Speaking of festivals, most recently earlier this month (October) you played a sold out show at Mammothfest in Brighton UK on the Rikstock stage for emerging artists, how was this for you, especially knowing it had sold out?

Mammothfest was another highlight of the year, the amount of work everyone on the team puts in is absolutely unbelievable for no reward at all other than gratification, and knowing it had sold out thanks to their efforts is great, especially with the kick its given Brightons metal scene. The crowd were awesome too, tonnes of energy in the room for 2:15 in the afternoon!

Vrona performing on Rikstock stage at Mammothfest Brighton 2016 - Photo Credit to Luke Bateman

How was the overall festival for you and who else did you enjoy seeing on the line-up?

The festival as a whole was incredible, and personal highlights for me at least, were Venom Inc, Hell Puppets, King Leviathan and Conjurer. The latter three are in my honest belief, the best bands on the UK underground circuit at the moment, every time seeing them is like some sort of religious experience! Special mention HAS to go to Eastern Front though honestly, how people so lovely and happy can put out such a venom filled stage show is beyond me, Im 99% sure my brain is still splattered somewhere over the back of the Green Door Store. Fucking incredible.

As a band that hail from Brighton, how crucial do you think Mammothfest is to the local and South coast music scene?

Crucially crucial! Its given the scene such a massive kick, and year on year its growing at a rate that means soon underground bands such as ourselves could be on a bill with some of the biggest bands in the world, nobody does as much for the metal underground as people like Steve from Mammothfest and Simon Hall from Bloodstock, but Bloodstock is all the way up in Derby, having something that the Southern bands can get to easily is amazing!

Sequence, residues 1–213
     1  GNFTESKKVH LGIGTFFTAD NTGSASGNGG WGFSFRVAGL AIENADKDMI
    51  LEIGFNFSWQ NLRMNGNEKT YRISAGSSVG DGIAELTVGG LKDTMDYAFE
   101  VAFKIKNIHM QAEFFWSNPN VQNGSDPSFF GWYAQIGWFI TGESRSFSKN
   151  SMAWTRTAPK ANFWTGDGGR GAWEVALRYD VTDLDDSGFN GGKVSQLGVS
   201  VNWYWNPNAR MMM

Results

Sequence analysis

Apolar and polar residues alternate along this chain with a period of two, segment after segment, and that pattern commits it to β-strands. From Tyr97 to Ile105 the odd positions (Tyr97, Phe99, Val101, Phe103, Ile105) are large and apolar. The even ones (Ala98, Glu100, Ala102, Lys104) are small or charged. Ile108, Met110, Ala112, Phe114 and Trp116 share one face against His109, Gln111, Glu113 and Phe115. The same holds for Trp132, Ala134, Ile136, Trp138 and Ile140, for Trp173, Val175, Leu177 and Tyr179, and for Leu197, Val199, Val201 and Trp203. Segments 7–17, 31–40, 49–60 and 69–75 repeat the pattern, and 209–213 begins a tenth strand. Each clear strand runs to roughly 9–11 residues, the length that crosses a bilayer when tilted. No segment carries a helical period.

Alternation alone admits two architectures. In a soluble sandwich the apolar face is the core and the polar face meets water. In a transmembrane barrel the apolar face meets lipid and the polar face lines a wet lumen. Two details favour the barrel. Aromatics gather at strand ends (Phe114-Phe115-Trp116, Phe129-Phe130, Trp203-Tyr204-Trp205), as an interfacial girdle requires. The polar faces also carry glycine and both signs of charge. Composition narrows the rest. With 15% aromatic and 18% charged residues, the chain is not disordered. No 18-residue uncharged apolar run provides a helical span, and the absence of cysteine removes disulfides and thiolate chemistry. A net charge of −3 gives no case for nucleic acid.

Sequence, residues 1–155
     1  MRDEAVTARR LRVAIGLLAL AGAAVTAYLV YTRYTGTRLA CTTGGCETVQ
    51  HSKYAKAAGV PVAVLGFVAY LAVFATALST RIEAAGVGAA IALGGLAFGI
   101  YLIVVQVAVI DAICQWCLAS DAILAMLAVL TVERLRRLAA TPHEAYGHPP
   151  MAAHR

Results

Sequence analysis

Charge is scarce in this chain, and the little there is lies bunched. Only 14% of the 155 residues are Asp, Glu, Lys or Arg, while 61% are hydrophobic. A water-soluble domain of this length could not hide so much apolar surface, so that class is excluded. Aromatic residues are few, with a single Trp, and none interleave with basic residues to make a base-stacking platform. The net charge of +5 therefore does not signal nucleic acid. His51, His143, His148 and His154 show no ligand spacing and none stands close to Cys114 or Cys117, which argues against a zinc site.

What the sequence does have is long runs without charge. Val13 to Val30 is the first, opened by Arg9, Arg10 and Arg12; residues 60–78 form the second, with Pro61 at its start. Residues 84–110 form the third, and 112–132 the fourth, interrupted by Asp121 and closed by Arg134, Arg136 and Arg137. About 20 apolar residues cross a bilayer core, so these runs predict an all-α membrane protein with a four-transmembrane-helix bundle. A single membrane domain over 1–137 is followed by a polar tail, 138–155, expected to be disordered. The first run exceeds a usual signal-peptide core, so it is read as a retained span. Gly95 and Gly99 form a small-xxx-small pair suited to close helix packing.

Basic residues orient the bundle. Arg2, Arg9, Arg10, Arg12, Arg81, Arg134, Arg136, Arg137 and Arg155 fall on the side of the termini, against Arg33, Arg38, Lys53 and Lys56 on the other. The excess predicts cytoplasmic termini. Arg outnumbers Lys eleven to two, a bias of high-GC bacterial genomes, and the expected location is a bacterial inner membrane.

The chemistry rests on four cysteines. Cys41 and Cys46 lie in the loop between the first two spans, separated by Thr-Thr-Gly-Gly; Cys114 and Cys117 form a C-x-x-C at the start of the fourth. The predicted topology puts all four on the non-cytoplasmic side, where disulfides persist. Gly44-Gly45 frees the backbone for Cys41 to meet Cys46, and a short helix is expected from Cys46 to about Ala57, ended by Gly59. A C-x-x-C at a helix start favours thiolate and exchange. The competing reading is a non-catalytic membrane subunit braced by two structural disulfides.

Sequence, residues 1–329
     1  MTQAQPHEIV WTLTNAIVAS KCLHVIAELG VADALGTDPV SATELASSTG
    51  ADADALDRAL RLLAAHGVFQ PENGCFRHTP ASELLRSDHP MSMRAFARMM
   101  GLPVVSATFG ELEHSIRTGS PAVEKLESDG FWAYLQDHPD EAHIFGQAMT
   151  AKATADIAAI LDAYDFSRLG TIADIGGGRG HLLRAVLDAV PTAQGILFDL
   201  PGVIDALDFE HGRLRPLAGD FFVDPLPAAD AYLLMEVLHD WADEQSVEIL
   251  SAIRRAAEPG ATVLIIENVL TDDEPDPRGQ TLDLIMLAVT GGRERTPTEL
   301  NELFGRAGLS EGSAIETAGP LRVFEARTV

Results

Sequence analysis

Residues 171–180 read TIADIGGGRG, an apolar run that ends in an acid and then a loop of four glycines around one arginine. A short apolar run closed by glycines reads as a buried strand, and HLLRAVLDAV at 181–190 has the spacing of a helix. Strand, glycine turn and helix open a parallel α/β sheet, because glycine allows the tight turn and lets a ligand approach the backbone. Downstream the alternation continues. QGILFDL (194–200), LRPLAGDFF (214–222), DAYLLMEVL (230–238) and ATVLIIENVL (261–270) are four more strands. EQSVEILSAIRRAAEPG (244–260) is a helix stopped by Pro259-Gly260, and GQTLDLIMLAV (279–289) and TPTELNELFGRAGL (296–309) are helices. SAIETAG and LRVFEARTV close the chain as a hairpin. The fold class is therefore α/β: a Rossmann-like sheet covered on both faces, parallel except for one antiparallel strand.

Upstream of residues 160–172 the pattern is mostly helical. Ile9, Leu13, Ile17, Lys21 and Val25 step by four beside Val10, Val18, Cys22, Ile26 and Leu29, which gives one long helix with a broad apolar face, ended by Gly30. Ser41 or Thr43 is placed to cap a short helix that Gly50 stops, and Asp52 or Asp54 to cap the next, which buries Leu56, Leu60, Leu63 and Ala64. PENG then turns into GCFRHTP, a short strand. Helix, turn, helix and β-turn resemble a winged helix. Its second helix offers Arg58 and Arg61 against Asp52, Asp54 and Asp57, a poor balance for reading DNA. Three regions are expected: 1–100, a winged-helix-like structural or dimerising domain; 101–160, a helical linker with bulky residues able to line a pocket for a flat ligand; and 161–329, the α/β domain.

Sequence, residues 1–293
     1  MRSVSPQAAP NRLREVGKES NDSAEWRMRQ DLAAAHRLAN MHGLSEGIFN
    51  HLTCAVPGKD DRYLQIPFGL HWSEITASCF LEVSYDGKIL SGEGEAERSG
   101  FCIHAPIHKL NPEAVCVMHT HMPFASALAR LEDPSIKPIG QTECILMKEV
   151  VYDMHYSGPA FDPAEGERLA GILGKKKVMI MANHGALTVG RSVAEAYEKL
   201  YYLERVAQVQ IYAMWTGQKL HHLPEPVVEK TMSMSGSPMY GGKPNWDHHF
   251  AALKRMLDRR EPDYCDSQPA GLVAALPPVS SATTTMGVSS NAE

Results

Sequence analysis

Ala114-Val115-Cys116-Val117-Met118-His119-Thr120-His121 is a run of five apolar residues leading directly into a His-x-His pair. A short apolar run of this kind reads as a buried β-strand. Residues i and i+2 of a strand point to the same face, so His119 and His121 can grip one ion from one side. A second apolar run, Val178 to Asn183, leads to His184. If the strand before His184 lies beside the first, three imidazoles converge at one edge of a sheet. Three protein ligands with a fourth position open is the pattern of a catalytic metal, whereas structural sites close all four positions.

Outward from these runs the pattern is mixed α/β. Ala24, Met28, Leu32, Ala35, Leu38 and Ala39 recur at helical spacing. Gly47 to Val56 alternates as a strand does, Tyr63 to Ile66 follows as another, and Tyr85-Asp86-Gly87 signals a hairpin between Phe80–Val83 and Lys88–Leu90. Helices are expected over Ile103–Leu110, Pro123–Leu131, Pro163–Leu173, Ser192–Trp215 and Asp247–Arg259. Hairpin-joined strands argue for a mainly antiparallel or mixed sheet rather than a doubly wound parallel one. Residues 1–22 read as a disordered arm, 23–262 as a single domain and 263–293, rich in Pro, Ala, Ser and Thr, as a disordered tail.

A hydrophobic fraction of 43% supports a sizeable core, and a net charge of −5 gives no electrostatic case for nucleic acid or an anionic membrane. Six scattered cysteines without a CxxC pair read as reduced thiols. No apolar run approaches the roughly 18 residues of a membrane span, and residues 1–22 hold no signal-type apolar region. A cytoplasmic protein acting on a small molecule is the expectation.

Following on from this, how important do you think it is for smaller bands to have the opportunity to play at festivals amongst well known heavyweight bands?

Id say its important in the sense that it puts you in front of a large crowd and on a bill with bands that could well love you and plug you on their own pages, case in point being Tony Dolan from Venom Inc. He absolutely adores Hell Puppets and is forever telling people about them! Its not the most important thing in the world, you can still get your music and brand out to people with hard work anyway, but its definitely something to aim for, and a massive opportunity when it does happen.

You are currently an instrumental act but I hear you are thinking of possibly getting a vocalist, is that correct?

"To a degree, we're not looking for one by any means however it's been something we've never ruled out if someone was interested and fitted the music, sure why not!"

Are you currently working on any new songs?

Yeah, but its a long, slow and sometimes very painful process. The cathartic release is second to none though, weve got no idea when itll get released, but it wont be until were 100% satisfied!

What else is in store for Vrona this year and the near future?

Writing for the rest of 2016 with a show in December so we dont forget how to play the material from A Lapse In Time! As for 2017, plans are starting to be put in place, nothing we can say yet but its just a bit bloody exciting.

Is there anything else you would like to add?

Thanks for the interview, sorry for waffling on, thanks to Mammothfest for having us and all their hard work in making it a sellout, and dont eat yellow snow!




Be sure to check out their music and keep updated on any news:

https://www.facebook.com/VronaOfficial/



Photo credit - Luke Bateman: www.lukebatemanphoto.com



2 comments:

  1. maybe i want to eat yellow snow though you aint the boss of me.

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  2. I had the pleasure of seeing Vrona play in Manchester, and talking to them afterwards (the bassist mostly).
    Great musicians and genuine people!
    I also rate 'A Lapse In Time' as quite promising for a debut album.
    Granted that Prog Metal has been done to death in the local scene, Vrona bring something fresh.

    ReplyDelete